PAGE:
Port Washington, N.Y. — Only a quarter of cellular buyers are satisfied with their shopping experience, and carrier-owned stores generally rank lower in customer satisfaction than consumer electronics stores or mass merchants, according to a survey of consumers by The NPD Group, based here.
The survey undermines one of the key foundations that carriers cite for operating their own stores: delivering a better sales experience that generates step-up handset and service sales and reduces churn. Carriers also contend that direct sales are less costly than indirect sales.
Despite their reputation, wireless carriers continue to dominate wireless retail sales. A total of 68 percent of all purchases were made at carrier-owned stores, NPD found.
Among indirect retailers, Wal-Mart and RadioShack were ranked at the top. Among carrier stores, Nextel and Cingular ranked highest, and T- Mobile and Sprint ranked lowest.
Overall, only 24 percent of recent mobile phone purchasers said their buying experience was excellent or good. But “mass merchants, electronics stores and wireless specialty stores consistently ranked higher in customer satisfaction than most carrier-owned stores in a variety of areas, including overall satisfaction, knowledge of sales staff and selection of phones and calling plans,” NPD contended.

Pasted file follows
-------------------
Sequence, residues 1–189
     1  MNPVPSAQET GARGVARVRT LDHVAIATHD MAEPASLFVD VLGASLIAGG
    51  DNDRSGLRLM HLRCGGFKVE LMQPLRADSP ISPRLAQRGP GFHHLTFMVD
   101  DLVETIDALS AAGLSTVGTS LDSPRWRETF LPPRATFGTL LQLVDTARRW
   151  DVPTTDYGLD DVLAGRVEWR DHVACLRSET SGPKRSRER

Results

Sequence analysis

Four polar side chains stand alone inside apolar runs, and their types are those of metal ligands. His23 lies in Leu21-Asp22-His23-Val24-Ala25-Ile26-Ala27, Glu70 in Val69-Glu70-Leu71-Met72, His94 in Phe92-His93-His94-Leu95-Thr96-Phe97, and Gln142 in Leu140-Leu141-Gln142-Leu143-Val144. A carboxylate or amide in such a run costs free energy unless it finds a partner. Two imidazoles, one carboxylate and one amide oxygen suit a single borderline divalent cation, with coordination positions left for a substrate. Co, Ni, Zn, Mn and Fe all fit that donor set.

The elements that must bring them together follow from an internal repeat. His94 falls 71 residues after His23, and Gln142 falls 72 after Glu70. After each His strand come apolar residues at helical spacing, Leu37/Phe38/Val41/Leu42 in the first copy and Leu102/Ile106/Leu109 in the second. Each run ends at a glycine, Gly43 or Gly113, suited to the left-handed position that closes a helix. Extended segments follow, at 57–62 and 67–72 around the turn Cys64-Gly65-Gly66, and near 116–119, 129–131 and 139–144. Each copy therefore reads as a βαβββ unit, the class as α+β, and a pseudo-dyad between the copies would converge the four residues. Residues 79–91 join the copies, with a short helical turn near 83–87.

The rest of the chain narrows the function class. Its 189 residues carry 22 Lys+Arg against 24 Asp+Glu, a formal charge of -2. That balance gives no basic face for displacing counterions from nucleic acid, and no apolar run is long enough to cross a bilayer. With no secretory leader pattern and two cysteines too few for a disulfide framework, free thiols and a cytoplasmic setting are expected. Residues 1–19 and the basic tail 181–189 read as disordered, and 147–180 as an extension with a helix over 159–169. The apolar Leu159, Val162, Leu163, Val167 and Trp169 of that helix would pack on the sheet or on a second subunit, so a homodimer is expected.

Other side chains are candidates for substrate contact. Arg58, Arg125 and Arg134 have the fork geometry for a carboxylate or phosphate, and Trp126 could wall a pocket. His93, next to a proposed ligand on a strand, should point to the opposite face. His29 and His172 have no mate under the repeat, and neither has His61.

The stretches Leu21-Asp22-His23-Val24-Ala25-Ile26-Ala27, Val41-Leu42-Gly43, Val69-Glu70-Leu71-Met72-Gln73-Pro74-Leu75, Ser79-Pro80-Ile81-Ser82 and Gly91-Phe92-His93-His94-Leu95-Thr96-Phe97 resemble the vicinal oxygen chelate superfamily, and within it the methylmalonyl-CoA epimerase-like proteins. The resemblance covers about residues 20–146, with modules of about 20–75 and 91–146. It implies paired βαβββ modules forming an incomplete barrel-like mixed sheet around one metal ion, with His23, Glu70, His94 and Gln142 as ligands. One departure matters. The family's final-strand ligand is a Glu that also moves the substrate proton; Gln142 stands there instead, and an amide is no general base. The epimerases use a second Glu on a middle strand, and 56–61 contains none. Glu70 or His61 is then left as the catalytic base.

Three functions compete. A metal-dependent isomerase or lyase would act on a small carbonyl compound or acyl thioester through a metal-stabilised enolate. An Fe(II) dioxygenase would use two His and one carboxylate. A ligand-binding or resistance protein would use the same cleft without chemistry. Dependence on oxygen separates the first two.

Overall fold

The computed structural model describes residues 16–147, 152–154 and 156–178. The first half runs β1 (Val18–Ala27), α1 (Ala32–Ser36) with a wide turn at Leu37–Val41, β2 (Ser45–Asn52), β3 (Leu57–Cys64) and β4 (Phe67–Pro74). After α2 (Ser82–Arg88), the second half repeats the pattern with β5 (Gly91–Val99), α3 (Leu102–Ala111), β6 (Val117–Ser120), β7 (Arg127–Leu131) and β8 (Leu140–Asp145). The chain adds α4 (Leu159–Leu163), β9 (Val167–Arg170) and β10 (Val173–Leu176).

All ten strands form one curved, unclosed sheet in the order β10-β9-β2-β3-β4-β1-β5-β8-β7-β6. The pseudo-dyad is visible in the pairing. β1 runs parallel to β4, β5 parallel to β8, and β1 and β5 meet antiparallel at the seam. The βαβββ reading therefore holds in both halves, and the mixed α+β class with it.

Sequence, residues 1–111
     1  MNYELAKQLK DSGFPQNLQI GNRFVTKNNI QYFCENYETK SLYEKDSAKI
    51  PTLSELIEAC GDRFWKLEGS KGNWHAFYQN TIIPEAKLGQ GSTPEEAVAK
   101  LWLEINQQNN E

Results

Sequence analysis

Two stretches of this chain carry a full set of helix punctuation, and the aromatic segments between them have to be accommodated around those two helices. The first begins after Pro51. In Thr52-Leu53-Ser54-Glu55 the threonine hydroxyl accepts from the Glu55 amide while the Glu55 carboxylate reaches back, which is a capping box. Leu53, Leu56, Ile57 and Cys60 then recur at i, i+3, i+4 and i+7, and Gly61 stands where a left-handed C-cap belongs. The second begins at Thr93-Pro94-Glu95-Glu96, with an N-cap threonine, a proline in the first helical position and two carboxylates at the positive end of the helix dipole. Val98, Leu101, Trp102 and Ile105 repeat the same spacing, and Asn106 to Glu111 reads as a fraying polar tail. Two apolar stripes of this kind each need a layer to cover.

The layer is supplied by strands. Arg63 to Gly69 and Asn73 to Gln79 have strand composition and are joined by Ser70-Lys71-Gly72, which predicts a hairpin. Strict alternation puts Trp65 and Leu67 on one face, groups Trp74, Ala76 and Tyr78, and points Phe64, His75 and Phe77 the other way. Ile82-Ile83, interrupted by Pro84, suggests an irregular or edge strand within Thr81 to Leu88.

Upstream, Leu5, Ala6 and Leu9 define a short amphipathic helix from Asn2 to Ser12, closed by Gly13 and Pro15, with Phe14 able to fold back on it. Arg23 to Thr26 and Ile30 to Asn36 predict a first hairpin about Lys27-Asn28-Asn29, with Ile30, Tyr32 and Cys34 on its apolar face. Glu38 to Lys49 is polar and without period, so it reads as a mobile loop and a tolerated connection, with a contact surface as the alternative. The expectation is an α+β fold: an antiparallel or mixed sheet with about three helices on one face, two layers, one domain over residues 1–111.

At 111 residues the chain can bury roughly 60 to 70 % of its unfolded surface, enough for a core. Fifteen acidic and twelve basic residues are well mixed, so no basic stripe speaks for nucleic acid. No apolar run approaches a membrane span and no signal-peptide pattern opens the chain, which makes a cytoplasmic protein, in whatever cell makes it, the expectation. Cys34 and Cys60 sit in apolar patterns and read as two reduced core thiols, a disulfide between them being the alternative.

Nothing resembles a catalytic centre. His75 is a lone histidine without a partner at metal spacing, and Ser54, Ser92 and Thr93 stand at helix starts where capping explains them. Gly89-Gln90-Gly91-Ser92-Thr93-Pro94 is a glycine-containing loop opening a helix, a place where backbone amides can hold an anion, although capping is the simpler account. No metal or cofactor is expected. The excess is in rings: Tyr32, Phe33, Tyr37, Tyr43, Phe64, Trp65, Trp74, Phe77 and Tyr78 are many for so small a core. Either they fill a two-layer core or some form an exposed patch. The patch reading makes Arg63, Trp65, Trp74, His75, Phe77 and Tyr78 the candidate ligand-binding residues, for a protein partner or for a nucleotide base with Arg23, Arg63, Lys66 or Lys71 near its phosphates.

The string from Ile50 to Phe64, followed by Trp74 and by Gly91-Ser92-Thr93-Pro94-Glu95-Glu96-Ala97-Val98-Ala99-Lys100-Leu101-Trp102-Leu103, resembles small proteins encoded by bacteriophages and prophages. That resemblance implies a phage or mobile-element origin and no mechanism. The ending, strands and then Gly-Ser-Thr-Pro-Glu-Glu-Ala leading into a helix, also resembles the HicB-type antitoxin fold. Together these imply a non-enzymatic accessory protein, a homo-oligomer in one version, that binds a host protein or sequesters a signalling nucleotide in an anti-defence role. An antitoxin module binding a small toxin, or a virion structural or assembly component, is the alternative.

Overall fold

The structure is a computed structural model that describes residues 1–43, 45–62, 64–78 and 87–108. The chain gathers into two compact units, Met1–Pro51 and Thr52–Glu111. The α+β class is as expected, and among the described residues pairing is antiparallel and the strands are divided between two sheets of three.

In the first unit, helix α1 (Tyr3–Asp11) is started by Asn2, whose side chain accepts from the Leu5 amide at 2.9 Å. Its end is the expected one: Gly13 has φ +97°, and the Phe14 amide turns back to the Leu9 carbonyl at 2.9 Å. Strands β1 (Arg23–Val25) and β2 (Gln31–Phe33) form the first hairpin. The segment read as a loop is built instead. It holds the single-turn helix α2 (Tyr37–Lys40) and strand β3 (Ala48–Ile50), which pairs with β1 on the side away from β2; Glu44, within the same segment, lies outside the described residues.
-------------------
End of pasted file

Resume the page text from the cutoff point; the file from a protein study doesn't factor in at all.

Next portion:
RadioShack and Wal-Mart were the top two retailers by overall shopping experience, and they also ranked high in such categories as helpful sales staff, variety of wireless products and store layout.
“Carriers are working to improve shopping experience at their stores,” said Clint Wheelock, NPD’s wireless research VP. "Many new tactics are being implemented, including better educating sales staff, providing self-service computer kiosks, and changing store layout and flow to improve the customer shopping experience."
“While carriers will likely continue to dominate the wireless retail space, opportunities also exist for other types of retailers,” Wheelock continued. "Changes in the wireless landscape, such as the emergence of MVNOs and market saturation, could also offer new opportunities for other retail channels."
In other findings:
The majority of consumers surveyed were repeat phone purchasers. Only 14 percent were first-time wireless subscribers.
More consumers purchased their phone to replace their current phone (39 percent) or replace a broken one (15 percent).